eastward into Mato Grosso do Sul and into all of northern Paraguay and western
Brazil will continue to run above normal," the weather service said, foreseeing
rains of up to 5 inches.
But further east, "once again, most of Minas Gerais and
Bahia stay completely dry for this seven day interval".
And the "pattern does not change much" for the first week of
March either, weather models show.
The weather concerns have reached the extent that Oil World
has, reportedly, cut its estimate for the Brazilian crop to 85m tonnes from
89.5m tonnes, and below the downgraded by AgRural to 87m tonnes which garnered
attention early in the week.
Even so, that is still a large crop, and with soybeans already
having priced in considerable risk premium of late, March soybeans eased 0.2%
to $13.55 ½ a bushel in Chicago, where May soybeans dropped the same to $13.44 ½
Corn imports rise
Grains eased too, particularly oats, which slumped 1.6% on profit-taking to $4.61 a bushel for
March delivery although this was just enough to keep a premium over corn, which for March eased 0.2% to
$4.55 a bushel.
Chinese corn import data for January appeared pretty good,
at 650,904 tonnes, up 64% year on year, and all by 9,000 tonnes coming from the
This, remember, in a month busy with concerns over rejections
by China of US corn cargos containing a Syngenta GM variety unapproved by
Still it was tempting for investors to take profits, with
prices among their highest in five months, and with ideas of large potential
selling by US farmers still to come.
Furthermore, grain and oilseed markets face trial later by
data, with the US Department of Agriculture to reveal further forecasts for
domestic balance sheets in 2014-15.
(Thursday's sowing data was actually deemed largely bullish,
showing lower-than-expected numbers for both corn and soybeans.)
And there are weekly export data to factor in too,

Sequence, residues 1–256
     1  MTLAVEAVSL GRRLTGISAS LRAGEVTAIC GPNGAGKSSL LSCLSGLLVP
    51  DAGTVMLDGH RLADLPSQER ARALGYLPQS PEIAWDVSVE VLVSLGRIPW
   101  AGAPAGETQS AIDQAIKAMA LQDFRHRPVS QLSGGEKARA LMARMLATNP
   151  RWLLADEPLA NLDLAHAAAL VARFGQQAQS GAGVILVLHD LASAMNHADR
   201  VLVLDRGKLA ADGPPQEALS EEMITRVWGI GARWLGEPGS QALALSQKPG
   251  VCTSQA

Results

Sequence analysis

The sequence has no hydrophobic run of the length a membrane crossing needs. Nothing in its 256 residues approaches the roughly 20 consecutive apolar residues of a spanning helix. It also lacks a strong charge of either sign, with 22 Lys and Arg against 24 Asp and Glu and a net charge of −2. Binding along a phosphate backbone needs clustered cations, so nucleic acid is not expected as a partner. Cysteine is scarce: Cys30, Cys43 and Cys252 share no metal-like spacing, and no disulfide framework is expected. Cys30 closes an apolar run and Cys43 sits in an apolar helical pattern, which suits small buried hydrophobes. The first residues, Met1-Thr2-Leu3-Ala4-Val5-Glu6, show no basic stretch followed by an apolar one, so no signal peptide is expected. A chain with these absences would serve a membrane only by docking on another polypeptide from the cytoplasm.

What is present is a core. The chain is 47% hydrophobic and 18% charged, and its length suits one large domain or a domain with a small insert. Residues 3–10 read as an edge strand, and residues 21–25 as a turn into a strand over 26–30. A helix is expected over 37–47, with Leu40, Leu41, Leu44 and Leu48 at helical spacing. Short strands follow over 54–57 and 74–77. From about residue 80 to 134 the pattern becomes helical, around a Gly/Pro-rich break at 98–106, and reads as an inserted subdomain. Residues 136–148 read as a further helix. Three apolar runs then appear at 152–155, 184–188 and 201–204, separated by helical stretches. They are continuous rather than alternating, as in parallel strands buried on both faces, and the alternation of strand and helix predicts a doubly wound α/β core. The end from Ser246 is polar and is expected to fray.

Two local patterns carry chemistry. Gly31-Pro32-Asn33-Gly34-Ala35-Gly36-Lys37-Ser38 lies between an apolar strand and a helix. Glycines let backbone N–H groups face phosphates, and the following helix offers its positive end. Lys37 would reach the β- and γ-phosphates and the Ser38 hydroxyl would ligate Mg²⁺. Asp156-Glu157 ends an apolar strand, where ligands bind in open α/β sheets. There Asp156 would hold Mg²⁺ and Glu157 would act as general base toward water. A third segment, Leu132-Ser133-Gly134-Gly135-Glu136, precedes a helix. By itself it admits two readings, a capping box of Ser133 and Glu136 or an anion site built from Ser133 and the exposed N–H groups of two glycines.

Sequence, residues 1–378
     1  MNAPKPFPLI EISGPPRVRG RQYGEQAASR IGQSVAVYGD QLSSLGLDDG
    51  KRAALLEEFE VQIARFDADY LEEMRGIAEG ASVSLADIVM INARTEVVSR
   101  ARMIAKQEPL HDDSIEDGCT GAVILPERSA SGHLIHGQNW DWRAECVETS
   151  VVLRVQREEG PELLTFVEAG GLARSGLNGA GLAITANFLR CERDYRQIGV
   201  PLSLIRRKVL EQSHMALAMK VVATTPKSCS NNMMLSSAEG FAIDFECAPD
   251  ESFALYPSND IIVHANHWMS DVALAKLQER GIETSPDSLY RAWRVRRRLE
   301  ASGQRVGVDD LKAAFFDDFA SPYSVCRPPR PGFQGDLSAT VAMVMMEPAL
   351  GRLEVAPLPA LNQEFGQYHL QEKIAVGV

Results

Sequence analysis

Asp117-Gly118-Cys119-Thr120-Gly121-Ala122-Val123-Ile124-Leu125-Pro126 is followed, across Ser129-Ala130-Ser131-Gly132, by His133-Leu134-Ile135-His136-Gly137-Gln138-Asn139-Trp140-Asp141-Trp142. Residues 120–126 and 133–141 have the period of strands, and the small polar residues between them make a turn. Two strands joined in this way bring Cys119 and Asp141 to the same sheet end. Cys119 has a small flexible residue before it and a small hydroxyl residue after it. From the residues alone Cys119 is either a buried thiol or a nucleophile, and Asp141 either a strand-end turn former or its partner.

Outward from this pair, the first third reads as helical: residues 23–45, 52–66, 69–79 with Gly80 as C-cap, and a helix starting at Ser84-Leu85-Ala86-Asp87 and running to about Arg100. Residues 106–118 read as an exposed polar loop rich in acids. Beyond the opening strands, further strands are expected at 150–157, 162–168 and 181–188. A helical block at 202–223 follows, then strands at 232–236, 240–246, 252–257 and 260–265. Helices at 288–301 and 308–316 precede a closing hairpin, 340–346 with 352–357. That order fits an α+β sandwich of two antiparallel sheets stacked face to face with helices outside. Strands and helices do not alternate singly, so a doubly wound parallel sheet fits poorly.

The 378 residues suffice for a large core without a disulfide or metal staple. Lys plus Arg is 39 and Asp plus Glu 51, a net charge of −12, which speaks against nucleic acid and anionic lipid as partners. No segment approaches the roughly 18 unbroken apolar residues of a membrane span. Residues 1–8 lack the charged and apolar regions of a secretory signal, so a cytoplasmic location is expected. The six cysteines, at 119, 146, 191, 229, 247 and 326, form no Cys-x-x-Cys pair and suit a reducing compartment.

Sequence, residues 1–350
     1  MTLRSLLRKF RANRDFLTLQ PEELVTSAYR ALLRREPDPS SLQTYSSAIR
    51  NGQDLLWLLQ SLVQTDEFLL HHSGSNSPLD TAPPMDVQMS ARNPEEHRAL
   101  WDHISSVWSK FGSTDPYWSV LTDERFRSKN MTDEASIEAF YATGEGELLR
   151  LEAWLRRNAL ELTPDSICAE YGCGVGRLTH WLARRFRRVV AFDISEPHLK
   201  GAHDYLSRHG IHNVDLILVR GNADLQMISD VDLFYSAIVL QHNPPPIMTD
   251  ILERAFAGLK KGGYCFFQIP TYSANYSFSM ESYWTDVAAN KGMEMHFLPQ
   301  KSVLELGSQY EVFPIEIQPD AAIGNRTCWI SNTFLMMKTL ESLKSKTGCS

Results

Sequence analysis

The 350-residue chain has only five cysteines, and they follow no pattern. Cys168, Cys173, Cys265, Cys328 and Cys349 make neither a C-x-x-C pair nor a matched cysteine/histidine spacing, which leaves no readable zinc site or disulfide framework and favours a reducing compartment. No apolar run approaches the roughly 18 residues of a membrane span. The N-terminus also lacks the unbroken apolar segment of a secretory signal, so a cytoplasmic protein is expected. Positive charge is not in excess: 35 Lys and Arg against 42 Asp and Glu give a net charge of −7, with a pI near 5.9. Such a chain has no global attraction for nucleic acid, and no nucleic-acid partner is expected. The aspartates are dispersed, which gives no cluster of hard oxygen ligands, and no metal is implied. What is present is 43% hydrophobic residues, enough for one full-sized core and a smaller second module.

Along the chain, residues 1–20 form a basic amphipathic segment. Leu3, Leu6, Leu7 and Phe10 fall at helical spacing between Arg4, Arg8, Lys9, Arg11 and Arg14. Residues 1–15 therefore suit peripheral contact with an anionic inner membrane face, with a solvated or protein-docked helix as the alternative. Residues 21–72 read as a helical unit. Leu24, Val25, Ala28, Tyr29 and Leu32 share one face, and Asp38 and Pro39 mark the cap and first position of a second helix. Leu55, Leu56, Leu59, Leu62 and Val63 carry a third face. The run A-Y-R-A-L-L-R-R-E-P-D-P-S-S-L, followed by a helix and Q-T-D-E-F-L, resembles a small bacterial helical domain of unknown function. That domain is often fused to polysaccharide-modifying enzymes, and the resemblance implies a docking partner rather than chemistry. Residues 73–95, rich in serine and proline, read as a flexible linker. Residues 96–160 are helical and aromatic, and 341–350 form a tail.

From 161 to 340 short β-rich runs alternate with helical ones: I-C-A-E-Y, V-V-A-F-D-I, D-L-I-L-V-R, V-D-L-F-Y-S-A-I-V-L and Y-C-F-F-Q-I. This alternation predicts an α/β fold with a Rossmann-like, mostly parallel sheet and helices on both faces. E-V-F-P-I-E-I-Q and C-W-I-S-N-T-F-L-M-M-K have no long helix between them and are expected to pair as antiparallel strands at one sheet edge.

particularly important when investors are seeking any evidence of Chinese cancellations
of orders of US soybeans, in a switch to Brazil, and of a tail-off in grain
exports which the USDA sees shrinking domestic stocks.
Weekly corn export sales are expected at 700,000-1.25m
tonnes, and soybean export sales at 150,000-500,000 tonnes.
Chinese imports soar
Wheat export sales
are seen at 400,000-700,000 tonnes.
"The export sales report will be a chance to see how higher
prices have impacted export demand, though the real slow down may not show up
for another week," Benson Quinn Commodities said.
Separately on the trade front, actually Chinese wheat
imports were particularly strong, soaring 305% to 725,942 tonnes.
This included 256,935 tonnes of US wheat, although Australia
was the biggest origin, at 327,076 tonnes.
Still, investors were happy to let Chicago wheat ease 0.3%
to $6.14 ¼ a bushel for March, and by 0.4% to $6.11 ¼ a bushel for May, in the
absence of any further ideas over the return of cold US weather expected next
"There isn't a particularly compelling story for either side
of the wheat market right now," Benson Quinn said.
Soft commodities started stronger, with raw sugar for May up 1.0% at 16.49 cents a pound, helped by data
showing a rise of 18.8% to 288,679 tonnes in Chinese imports, besides of course
the lingering ideas of dryness in some areas of Brazil, as highlighted by
revived too, soaring 1.5% to 172.00 cents a pound for May, if still remaining
below the last session's intraday top which represented the highest price since
started firm too, up 1.3% at 88.79 cents a pound.
This despite Chinese imports tumbling 36% last month to
292,485 tonnes, although a decline had been expected.